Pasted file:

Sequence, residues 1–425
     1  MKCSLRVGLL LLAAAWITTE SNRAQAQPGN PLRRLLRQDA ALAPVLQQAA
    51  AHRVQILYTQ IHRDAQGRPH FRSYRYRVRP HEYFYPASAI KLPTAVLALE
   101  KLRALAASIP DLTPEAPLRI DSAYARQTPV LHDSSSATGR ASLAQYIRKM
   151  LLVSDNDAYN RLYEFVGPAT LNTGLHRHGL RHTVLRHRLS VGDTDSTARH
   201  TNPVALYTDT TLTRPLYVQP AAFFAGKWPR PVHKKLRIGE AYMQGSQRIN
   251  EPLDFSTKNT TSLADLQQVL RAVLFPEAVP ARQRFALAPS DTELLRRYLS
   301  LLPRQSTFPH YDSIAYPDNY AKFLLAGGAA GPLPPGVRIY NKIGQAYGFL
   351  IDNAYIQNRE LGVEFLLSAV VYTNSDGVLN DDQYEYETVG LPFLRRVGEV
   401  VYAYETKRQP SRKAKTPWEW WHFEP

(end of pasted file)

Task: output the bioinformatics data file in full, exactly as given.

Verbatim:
Sequence, residues 1–425
     1  MKCSLRVGLL LLAAAWITTE SNRAQAQPGN PLRRLLRQDA ALAPVLQQAA
    51  AHRVQILYTQ IHRDAQGRPH FRSYRYRVRP HEYFYPASAI KLPTAVLALE
   101  KLRALAASIP DLTPEAPLRI DSAYARQTPV LHDSSSATGR ASLAQYIRKM
   151  LLVSDNDAYN RLYEFVGPAT LNTGLHRHGL RHTVLRHRLS VGDTDSTARH
   201  TNPVALYTDT TLTRPLYVQP AAFFAGKWPR PVHKKLRIGE AYMQGSQRIN
   251  EPLDFSTKNT TSLADLQQVL RAVLFPEAVP ARQRFALAPS DTELLRRYLS
   301  LLPRQSTFPH YDSIAYPDNY AKFLLAGGAA GPLPPGVRIY NKIGQAYGFL
   351  IDNAYIQNRE LGVEFLLSAV VYTNSDGVLN DDQYEYETVG LPFLRRVGEV
   401  VYAYETKRQP SRKAKTPWEW WHFEP